The ultimate Hardrocker

For 23rd straight year, Fruita's Apt able to finish Hardrock 100

Kirk Apt holds the shoes that he wore to run in his 23rd straight Hardrock 10 endurance run last weekend in the waiting room of his office at Journey to Wellness, 551 Grand Ave. Apt, 55, finished this year’s race in 43 hours and 23 minutes. The 100-mile course, which began and ended in Silverton, has a cumulative vertical gain of 33,050 feet with an equal amount of descent, and takes place at an average elevation of 11,000 feet.

Fruita’s Kirk Apt smiles after finishing the Hardrock 100 on July 16 in 43 hours, 23 minutes and 40 seconds. It was the 23rd straight time the 55-year-old has finished the 100-mile endurance race.

SILVERTON — Kirk Apt, the dean of the Hardrock 100 Endurance Run, likes prime numbers.

The 55-year-old Fruita runner is particularly fond of 23.

“Twenty-three is one of my favorite numbers actually,” Apt said, just minutes after finishing the iconic 100-mile trail run through the San Juan Mountains last weekend. “I like all prime numbers and I like 23 a lot.”

Apt said he frequently thought about No. 23 during his 43-hour, 23-minute odyssey hiking and running backcountry trails linking the historic mining towns of Silverton, Lake City, Ouray and Telluride.

After starting at 6 a.m. on July 14, Apt shuffled into the finish in downtown Silverton at 1:23 a.m. on July 16, a brilliant headlamp (worn around his waist) illuminating his path to the giant commemorative rock in front of the Silverton school.

Apt finished the Hardrock 100 for a record 23rd consecutive time.

No one has completed the Hardrock, with its 66,100 feet of climbing and descending, more times. No one’s even close to 23 in a row.

A brutal test of endurance

Sitting on the first row of the bleachers inside the Silverton gymnasium, at 1:30 in the morning, Apt had been awake for more than 50 hours and moving for more than 43.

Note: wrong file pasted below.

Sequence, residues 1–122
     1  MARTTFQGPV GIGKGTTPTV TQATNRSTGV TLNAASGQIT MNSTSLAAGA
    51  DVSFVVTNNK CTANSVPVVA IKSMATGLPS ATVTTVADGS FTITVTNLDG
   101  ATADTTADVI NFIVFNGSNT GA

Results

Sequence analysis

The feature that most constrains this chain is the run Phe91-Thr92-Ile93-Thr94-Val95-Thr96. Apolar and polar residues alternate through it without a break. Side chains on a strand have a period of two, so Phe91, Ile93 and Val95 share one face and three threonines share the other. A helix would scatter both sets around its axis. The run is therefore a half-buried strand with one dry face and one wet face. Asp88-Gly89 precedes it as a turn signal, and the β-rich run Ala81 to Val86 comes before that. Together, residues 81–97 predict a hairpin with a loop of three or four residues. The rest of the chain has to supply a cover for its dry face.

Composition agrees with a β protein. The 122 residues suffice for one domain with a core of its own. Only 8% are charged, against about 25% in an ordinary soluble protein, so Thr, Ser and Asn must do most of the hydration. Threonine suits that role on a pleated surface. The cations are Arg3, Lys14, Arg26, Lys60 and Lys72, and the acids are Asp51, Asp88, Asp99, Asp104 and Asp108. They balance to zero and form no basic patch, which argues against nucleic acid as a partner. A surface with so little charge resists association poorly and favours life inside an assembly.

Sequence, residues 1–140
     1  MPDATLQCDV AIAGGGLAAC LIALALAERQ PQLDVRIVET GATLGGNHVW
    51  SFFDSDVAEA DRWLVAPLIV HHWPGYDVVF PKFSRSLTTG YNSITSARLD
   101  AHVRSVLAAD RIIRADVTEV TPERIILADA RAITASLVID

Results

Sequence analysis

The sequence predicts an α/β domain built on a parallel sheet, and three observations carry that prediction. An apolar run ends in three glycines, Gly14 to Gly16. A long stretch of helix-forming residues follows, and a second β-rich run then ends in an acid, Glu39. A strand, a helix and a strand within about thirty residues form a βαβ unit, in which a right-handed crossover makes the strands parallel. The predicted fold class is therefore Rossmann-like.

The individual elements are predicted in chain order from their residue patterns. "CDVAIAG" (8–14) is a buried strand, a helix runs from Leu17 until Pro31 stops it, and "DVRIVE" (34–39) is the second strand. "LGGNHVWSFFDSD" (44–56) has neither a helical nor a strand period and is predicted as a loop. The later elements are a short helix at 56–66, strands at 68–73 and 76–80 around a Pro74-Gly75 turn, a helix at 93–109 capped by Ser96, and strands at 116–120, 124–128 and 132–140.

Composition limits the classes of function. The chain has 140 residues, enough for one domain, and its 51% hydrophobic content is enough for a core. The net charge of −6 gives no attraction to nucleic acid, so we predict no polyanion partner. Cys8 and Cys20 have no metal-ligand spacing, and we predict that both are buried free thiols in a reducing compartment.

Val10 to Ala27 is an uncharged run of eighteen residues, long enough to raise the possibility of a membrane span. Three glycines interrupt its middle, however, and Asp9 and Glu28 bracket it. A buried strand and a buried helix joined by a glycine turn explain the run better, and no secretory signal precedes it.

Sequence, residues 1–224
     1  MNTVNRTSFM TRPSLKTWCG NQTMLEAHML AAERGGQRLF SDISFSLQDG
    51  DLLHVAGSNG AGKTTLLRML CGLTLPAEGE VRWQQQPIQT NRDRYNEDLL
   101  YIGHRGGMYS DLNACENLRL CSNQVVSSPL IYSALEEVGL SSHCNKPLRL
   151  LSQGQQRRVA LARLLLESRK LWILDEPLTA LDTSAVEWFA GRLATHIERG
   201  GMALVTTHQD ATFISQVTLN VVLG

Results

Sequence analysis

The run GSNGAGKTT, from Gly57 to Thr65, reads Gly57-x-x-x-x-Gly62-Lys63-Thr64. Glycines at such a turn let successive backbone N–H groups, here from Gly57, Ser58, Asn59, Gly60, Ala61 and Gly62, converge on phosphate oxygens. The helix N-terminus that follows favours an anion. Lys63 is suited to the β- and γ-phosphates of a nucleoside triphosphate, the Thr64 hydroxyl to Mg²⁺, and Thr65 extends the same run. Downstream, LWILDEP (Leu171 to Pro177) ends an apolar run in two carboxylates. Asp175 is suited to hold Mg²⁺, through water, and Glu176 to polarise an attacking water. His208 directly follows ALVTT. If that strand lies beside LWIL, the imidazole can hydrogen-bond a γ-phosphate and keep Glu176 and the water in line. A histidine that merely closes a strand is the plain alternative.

“I would say I had more doubts that this might be the end of the string than I ever have before,” he said, removing a boot-like tape construction from his right ankle. “I came into the run with a bit of a calf project going on. So … to finish, I’m delighted.”

He said he suffered a recurrence of the calf problem midway through the Hardrock, on mile 66 in Governor’s Basin, heading to Telluride.

Apt had already climbed to the high-point of the loop course, atop 14,058-foot Mount Handies near Lake City, after the predawn start in Silverton.

He’d also passed through the Ouray aid station.

“Then, my calf seized up, and I had to deal with that the rest of the way,” Apt said, explaining that the “great tape job” was courtesy of the medical crew at the Kroger’s Canteen aid station. The added support on his right calf was invaluable.

“It ended up OK,” Apt said. “But I can certainly feel it.”

He said the calf went into spasms a month ago when he was preparing for Hardrock
No. 23.

Apt said he had to cut back on his final preparations.

But wearing bib No. 29 (a prime number), he successfully navigated the first 66 miles — enduring a heavy rainstorm and then a barrage of hail.

“We got hammered on Friday at noon … a horrific hail storm,” Apt said. “I’ve never seen anything like that here. It went on for probably half an hour, maybe even more.”

The hailstones battered his legs.

“Hail covered the trail so all the way down we were running in this slush stuff,” Apt said, still unwinding at race headquarters in the Silverton gymnasium. “Other than that, the weather was perfect.”

Saturday’s night hours passed storm free, he said.

“I was grateful for a dry night,” he said after once again mastering the Hardrock course that averages 11,000 feet in elevation. It reaches above 12,000 feet on 13 different occasions during the course that alternates each year been clockwise and counterclockwise.